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America’s Exceptional Economy (Episode 1)

hi I'm Ed lazier I'm a senior fellow at

Stanford's Hoover Institution I believe

that America is exceptional and here's

why I remember as a young child my dad

telling me that like all Americans we

were individuals we could do anything we

wanted this is the land of opportunity

but while most Americans may have heard

that from their parents when they were

growing up that message is not a

universal one when I conveyed my

father's words to a European colleague

she said really we were told exactly the

opposite our parents told us don't think

you're so special you're not so special

is America special are we exceptional

part of the answer is revealed in the

growth of GDP for various countries over

time going back to the 1820s not

surprisingly our political parents the

British had led the world in terms of

GDP per capita but that changed over

time we caught them in eventually after

World War Two we started to pull ahead

quite significantly so that in 2010 we

were 28% richer than Britain 22% richer

than our Canadian counterparts and 65%

richer than Italy well quite a bit

wealthier than most of the other

countries with which we would compare

ourselves and that is why we are

exceptional despite all efforts to the

contrary

the American economy has been robust the

US growth rate during the last four

years during their recovery has been 2%

why do I say efforts to the contrary

well in terms of public policy we've

raised taxes on capital which virtually

every economist who studied this thing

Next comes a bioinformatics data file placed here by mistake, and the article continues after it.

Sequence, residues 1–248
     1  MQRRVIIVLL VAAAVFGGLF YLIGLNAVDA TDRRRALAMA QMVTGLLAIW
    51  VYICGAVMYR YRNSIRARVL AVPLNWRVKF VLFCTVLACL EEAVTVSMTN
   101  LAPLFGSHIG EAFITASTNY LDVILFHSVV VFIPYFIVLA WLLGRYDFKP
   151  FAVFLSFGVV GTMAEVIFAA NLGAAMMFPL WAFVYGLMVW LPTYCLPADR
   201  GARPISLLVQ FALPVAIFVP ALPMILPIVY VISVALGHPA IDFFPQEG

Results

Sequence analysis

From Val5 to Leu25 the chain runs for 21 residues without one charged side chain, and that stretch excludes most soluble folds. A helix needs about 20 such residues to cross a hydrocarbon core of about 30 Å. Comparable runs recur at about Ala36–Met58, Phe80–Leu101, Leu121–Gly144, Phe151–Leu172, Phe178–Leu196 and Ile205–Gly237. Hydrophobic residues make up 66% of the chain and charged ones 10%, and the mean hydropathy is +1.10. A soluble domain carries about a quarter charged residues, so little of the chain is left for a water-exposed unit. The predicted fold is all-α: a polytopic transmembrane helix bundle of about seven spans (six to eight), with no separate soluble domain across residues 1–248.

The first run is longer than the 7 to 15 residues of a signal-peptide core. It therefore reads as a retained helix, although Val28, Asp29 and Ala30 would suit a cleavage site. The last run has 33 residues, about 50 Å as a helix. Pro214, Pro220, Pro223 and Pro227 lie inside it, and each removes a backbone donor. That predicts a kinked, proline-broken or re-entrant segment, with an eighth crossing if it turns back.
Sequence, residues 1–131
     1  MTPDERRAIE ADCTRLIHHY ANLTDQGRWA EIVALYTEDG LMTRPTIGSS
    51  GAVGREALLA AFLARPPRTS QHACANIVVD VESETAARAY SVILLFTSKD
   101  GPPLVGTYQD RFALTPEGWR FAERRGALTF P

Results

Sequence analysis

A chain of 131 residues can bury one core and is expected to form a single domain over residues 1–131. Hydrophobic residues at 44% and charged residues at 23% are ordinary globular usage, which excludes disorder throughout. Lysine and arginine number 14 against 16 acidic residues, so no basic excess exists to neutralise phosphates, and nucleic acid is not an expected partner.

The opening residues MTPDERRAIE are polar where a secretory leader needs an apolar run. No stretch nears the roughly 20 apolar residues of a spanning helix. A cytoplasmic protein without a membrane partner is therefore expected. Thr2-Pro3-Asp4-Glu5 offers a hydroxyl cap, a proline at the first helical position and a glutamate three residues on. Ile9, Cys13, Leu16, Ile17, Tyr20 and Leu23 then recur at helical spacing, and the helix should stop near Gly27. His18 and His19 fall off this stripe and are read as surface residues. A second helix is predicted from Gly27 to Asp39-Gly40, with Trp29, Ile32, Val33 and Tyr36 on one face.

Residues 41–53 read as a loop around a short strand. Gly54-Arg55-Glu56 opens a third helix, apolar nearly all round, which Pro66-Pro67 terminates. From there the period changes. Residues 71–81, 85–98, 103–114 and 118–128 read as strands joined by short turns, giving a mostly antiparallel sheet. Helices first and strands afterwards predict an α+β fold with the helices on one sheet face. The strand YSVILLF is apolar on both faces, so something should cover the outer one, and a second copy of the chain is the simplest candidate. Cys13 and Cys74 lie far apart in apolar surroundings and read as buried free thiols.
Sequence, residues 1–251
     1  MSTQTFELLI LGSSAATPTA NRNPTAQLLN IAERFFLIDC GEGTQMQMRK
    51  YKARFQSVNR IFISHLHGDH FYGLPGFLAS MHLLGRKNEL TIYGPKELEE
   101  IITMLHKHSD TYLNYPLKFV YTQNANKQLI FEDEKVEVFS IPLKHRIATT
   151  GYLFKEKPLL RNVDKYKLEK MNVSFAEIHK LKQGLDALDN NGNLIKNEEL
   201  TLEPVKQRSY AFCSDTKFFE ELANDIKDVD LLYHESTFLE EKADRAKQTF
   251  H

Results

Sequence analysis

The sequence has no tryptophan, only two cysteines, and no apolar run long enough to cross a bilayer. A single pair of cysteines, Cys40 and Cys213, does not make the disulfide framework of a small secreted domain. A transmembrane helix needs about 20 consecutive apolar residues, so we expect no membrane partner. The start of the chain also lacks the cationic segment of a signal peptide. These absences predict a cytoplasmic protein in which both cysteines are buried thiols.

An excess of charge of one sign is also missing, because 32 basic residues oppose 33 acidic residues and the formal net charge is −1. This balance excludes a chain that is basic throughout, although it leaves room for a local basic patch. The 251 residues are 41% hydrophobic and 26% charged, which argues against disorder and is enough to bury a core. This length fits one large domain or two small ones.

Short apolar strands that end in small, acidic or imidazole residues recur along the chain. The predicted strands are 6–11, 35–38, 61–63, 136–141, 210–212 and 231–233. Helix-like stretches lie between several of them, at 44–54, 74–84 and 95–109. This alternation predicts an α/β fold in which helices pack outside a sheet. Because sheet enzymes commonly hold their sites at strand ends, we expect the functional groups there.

thinks is the worst possible thing you

can do for economic growth and we've had

significant increases in what most would

think of as non business friendly

regulations

despite that we've managed to grow to be

among the world leaders we're better

than Germany better than Japan better

than France certainly better than Italy

what this tells us is that the American

economy is resilient as measured by the

outcomes that people care about the

first thing we care about is earning a

good living having a good source of

income a standard of living that's high

enough to allow us to live comfortably

the second thing we want is job security

freedom from the worry that our source

of income is in jeopardy third factor is

the desire for our children to be able

to

better than we did I think we all share

that aspiration even if we don't think

that it's necessarily going to be the

case what we want is the ability for our

children to be upwardly mobile in our

society the American economy in terms of

income has done quite well in terms of

growth it looks pretty good how about in

the job security front one indicator is

average unemployment rates over about

the last thirty years the unemployment

rates in the United States on average

have been lower than just about every

comparable country in the world

the one exception is Japan Japan has

very low unemployment rates and it's

fair to ask why aren't we beating them

at the risk of sounding a bit like an

American apologist I'd say that there's

such a thing as too low an unemployment

rate Japan has a kind of stagnant impact

at labour force that doesn't churn

enough that's not the case in the u.s.

we have low unemployment rates despite

the fact that we have the most dynamic

labor market in the world most American